Croydon, Teaching, Helen, Jessie, and Ford Maddox Hueffer
It was a heavy load for the twenty-three year old David Herbert Lawrence to drag with him to Croydon: a load he was never able to fully discard.
Lawrence began teaching at the Davidson Road School, Croydon, on October 12th 1908. The school was highly thought of academically and Lawrence soon settled in, although, it soon became clear he “…was never really happy there…”, and as the American author, Harry T. Moore, describes, Croydon was:
“ …already in the process of becoming a complex of brick houses and chimney pots, past which the yellow electric trains from Victoria and London Bridge stations would speed on a high embankment; eventually the former neighborhood of the Crystal Palace became [a] stucco suburb…”
And it wasn’t only Croydon that was undergoing a time of great change. It was perhaps one of the biggest London house building booms since the 1870s, and the soon to be ailing Lawrence was in the middle of it and, for another writer it might have been a great transformative period in their lives, but not for Lawrence who, in The White Peacock (published in 1911), writes of what must be the countryside around Haggs Farm, Jessie, and the emotional shackles:
‘ Don’t you wish you were wild — hark, like wood-pigeons — or larks — or, look, like peewits? Shouldn’t you love flying and wheeling and sparkling and — courting in the wind?’ She lifted her eyelids, and vibrated the question. He flushed, bending over the ground.
‘ Look,’ he said, ‘ here’s a larkie’s’
Once a horse had left a hoofprint in the soft meadow; now the larks had rounded, softened the cup, and had laid there three dark-brown eggs. Lettie sat down and leaned over the nest; he leaned above her. The wind, running over the flower heads, peeped in at the little brown buds, and bounded off again gladly. The big clouds sent messages to them down the shadows, and ran in raindrops to touch them.
‘ I wish,’ she said, ‘ I wish we were free like that. If we could put everything safely in a little place in the earth — couldn’t we have a good time as well as the larks?’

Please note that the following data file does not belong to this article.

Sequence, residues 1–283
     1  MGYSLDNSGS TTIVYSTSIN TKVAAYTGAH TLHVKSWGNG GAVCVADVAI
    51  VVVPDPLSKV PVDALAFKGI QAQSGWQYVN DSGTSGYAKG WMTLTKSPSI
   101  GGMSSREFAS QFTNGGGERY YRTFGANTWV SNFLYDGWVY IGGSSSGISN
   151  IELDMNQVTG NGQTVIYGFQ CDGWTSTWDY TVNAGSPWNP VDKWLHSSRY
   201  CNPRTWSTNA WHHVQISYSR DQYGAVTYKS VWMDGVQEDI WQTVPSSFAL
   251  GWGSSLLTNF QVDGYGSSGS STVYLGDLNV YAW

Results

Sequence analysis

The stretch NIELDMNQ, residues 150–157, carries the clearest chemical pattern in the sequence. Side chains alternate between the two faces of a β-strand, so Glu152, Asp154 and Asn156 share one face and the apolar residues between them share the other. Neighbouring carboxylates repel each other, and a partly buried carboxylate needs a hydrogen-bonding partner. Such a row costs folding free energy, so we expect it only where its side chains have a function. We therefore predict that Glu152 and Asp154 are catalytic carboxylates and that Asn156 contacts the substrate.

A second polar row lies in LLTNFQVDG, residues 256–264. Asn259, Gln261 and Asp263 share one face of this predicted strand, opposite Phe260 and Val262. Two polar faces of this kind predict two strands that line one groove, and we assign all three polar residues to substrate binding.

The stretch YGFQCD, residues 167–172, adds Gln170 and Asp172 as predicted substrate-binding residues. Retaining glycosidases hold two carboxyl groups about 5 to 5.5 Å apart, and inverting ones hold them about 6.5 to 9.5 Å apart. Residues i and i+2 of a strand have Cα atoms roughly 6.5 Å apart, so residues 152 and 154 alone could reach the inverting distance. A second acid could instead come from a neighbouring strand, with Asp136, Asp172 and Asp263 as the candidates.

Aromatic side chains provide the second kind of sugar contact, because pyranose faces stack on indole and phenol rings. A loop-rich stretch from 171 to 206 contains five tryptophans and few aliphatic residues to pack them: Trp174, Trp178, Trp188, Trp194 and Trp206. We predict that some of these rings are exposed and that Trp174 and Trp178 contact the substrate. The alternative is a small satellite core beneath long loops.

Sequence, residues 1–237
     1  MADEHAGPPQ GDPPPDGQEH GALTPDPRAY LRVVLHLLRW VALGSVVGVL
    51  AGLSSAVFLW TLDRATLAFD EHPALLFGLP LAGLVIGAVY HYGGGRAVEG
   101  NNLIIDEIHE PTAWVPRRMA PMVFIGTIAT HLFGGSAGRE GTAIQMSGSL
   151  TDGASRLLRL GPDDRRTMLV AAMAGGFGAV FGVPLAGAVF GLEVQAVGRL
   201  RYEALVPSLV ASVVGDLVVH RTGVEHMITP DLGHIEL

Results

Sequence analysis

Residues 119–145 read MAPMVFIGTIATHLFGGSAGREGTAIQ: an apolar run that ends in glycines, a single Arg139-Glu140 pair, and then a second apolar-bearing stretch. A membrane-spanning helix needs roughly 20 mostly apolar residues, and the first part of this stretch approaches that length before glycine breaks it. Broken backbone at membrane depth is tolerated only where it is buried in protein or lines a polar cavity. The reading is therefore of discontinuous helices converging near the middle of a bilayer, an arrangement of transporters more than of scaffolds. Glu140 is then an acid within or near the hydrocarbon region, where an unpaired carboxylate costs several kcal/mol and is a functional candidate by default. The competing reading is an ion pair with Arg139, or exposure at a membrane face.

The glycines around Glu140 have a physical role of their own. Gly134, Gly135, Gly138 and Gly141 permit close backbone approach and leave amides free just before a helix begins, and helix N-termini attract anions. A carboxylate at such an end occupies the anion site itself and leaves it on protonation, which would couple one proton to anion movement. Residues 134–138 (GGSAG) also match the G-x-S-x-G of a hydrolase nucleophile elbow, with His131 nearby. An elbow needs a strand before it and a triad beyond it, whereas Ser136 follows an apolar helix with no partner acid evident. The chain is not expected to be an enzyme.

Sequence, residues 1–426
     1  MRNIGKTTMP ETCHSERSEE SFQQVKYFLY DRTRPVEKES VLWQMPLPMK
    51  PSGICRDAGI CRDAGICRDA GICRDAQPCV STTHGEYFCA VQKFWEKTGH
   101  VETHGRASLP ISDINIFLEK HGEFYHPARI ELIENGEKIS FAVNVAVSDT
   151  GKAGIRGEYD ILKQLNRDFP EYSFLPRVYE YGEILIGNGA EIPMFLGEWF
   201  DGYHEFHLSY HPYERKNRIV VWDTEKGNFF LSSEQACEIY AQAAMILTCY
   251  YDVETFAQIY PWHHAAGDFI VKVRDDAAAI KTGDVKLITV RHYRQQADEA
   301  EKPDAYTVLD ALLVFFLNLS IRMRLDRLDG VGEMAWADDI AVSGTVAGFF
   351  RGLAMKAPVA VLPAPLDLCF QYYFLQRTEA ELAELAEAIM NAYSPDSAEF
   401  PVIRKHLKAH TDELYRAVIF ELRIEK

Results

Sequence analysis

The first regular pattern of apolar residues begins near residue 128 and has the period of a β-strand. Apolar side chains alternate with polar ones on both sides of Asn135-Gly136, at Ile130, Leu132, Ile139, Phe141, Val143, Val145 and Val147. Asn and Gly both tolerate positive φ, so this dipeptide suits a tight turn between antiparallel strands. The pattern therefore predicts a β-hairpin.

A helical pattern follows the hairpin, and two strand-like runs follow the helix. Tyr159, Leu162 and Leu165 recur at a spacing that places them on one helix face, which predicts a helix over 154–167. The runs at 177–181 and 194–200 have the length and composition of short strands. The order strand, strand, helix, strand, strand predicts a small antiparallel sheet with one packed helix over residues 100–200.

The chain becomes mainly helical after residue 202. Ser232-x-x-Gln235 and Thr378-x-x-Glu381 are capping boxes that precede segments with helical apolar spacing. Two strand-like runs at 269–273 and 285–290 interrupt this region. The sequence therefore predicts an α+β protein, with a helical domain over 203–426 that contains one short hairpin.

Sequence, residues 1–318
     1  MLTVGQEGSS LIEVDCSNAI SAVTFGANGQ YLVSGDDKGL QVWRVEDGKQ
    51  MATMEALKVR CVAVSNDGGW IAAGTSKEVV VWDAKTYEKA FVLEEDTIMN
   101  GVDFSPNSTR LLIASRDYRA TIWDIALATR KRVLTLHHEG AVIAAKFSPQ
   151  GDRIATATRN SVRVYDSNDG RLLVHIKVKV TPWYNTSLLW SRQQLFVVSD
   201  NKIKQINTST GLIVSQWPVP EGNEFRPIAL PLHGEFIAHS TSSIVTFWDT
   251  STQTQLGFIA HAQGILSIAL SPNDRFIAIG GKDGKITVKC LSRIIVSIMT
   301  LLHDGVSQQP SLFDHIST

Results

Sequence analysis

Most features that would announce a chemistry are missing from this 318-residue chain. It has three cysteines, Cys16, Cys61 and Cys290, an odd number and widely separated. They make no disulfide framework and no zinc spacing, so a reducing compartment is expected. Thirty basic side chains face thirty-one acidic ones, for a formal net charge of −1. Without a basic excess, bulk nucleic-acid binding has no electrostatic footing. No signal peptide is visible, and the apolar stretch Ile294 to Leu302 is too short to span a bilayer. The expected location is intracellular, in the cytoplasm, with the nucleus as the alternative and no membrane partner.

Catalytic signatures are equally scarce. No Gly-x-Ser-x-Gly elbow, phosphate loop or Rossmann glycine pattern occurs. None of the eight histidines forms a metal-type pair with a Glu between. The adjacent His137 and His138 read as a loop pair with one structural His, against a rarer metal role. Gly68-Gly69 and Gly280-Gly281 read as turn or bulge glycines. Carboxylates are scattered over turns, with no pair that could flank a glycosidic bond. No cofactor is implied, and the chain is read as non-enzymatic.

‘ I don’t see,’ said he, ‘ why we can’t.’
‘ Oh — but I can’t — you know we can’t’ — and she looked at him fiercely.
‘ Why can’t you?’ he asked.
‘ You know we can’t — you know as well as I do,’ she replied, and her whole soul challenged him. ‘ We have to consider things,’ she added. He dropped his head. He was afraid to make the struggle, to rouse himself to decide the question for her. She turned away, and went kicking through the flowers…’
Such writing speaks of Jessie and Lawrence, even if the reader transposes the he and she, it speaks of their relationship so clearly: of their anguish and inability to do something positive about it. It is the first outing of such writing: writing that can fill the reader both with hope and despair. It is the birth of D. H. Lawrence, and his first attempt to rid himself of his mother’s influence. He never did, and the anger in his novels is all about that inability and the chances he missed of taking Jessie fully to his heart. If he had, if they had, I would be writing about a different man.
In Croydon Lawrence found lodgings with the Jones family at 12 Colworth Road, not far from the railway station. He seems to have been happy there, and even moved with them a few doors further along the road in September 1911.
Mr Jones was an administrative officer with the education department, and it does seem that Lawrence’s teaching was much admired by him and the headmaster of the school, although Lawrence never saw the job as a vocation but as a means to an end, although he liked the boys he taught (and they seemed to like him) but wrote in a poem probably written in the Jones’ home “ I carry my anger sullenly ‘cross these waste lands/For tomorrow will call them all back, the school hours I detest…”